To deny climate change in 2015 puts any thinking person in a distinct minority in this country.
According to a Pew Research poll published this time last year, 67% of adults believe that our atmosphere has been warming in recent years. That comes out to 84% of Democrats and 46% of Republicans.
So when last year veteran Washington-Post columnist Charles Krauthammer wrote a skeptical column about global warming, his viciousness could not be overlooked. He didn't just question the White House for for taking action to reduce the harms of climate change. He tore apart the very concept of taking action, as utter folly.
First he claimed — in so many words — that the climate wasn't warming.
"Global temperatures have been flat for 16 years — a curious time [for the White House] to unveil a grand, hugely costly, socially disruptive anti-warming program."
This is the the familiar claim of climate change skeptics that warming has paused or stopped since the super-hot El Nino year of l997-l998. This ignores a 130-year trend of global warming, but nevermind.
What's happening lately?
Yep. You can see. We hit an all-time high. How then does Krauthammer respond?
Well, in today's column, Krauthammer calls for a substantial gas tax of a $1 per gallon, to be rebated to taxpayers. Note that he would not put any of the tax windfall towards infrastructure, even though experts argue that the federal gas tax as it works today isn't even able to keep up with the damage to roads and bridges caused by traffic. Nor would he apply any sort of income test to the rebate.
But six months ago? He would have done nothing — nothing but call Barack Obama a "flat-earther."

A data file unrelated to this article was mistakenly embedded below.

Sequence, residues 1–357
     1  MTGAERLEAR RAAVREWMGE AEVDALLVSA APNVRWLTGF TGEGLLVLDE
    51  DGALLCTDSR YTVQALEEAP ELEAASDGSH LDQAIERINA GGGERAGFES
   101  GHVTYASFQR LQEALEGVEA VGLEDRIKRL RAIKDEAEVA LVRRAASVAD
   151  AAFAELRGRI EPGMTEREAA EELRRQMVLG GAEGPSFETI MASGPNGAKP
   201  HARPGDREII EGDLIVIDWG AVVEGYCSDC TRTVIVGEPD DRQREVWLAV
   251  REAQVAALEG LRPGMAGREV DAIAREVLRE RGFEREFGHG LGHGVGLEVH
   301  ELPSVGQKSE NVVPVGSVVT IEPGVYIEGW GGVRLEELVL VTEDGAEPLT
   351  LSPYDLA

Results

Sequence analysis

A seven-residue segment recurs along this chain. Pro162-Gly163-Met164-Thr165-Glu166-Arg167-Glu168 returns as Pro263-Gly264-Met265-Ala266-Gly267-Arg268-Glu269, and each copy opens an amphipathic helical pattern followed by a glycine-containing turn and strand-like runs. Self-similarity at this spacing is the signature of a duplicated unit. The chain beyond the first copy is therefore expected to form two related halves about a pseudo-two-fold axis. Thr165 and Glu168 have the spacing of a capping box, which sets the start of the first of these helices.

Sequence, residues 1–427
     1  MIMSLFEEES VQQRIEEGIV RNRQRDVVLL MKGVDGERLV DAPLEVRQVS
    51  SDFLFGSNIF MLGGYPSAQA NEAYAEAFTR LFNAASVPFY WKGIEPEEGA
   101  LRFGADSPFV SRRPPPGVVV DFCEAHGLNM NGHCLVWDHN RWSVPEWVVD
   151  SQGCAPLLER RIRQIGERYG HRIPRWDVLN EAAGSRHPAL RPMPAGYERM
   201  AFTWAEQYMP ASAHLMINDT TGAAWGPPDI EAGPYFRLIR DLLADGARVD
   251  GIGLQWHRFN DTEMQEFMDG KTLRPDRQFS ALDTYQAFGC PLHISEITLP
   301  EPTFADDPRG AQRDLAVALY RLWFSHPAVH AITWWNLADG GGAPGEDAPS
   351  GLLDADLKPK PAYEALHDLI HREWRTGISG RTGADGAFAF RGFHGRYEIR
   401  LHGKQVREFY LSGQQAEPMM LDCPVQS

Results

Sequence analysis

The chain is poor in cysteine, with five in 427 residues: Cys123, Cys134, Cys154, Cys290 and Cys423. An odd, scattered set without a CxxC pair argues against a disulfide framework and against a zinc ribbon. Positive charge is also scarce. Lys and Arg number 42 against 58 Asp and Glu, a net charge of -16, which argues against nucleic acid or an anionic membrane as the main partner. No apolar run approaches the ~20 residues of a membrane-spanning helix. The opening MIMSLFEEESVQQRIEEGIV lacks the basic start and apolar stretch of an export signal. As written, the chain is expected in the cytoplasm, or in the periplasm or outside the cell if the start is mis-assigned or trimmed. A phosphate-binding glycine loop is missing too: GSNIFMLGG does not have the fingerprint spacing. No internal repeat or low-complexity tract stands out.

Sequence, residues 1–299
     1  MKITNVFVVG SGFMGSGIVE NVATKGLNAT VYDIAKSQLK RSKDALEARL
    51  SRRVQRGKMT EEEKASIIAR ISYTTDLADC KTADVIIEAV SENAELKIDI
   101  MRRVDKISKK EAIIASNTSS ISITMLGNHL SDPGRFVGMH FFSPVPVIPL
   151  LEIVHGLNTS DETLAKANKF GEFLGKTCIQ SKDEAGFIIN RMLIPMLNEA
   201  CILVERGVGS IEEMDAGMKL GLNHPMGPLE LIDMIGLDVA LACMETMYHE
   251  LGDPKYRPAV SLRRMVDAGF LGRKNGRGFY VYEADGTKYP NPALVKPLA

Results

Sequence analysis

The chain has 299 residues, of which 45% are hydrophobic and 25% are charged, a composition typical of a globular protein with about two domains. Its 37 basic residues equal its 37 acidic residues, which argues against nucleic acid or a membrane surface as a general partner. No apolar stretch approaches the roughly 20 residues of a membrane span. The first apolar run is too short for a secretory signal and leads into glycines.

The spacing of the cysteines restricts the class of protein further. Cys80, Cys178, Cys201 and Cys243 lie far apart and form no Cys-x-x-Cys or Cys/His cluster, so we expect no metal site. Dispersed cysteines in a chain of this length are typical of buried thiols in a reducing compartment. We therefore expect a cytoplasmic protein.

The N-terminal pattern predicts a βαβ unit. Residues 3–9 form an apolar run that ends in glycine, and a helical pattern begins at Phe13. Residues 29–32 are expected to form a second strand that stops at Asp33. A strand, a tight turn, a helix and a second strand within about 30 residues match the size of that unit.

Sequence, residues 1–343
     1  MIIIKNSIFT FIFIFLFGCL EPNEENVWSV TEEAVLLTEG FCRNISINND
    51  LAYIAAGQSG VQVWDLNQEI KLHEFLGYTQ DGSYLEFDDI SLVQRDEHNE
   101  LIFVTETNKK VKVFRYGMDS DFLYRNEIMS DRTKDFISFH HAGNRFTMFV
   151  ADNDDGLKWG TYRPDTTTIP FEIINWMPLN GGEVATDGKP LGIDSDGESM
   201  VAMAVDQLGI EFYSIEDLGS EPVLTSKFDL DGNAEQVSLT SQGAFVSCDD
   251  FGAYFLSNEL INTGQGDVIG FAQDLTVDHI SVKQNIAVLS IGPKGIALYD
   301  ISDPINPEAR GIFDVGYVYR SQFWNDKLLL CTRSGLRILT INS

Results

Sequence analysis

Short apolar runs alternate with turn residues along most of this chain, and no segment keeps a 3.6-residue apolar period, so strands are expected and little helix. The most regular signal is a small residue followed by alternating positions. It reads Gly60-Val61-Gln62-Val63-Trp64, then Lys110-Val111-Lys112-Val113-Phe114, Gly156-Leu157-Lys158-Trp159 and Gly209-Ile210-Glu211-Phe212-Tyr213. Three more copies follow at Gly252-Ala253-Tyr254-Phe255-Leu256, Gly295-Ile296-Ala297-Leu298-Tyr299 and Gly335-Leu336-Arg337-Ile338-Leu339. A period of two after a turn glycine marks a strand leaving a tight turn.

It’s flat-earthers like Obama who refuse to acknowledge the problematic nature of contradictory data. It’s flat-earthers like Obama who cite a recent Alaskan heat wave — a freak event in one place at one time — as presumptive evidence of planetary climate change. It’s flat-earthers like Obama who cite perennial phenomena such as droughts as cosmic retribution for environmental sinfulness."
Now, on the day when we learned definitively that last year will prove to be the hottest year in recorded history, Charles Krauthammer calls for a gas tax, in part to reduce greenhouse gas emissions.
"[this will] lower consumption [which] reduces pollution and greenhouse gases. The reduction of traditional pollutants, though relatively minor, is an undeniable gain. And even for global warming skeptics, there’s no reason not to welcome a benign measure that induces prudential reductions in CO2 emissions."
So action has gone from "folly" to "prudential" in six months flat!
Yet Krauthammer still indicates he's a skeptic.
Bizarre. Climate change skepticism must be getting down to the bitter-enders, if even they now start to agree something should be done about it.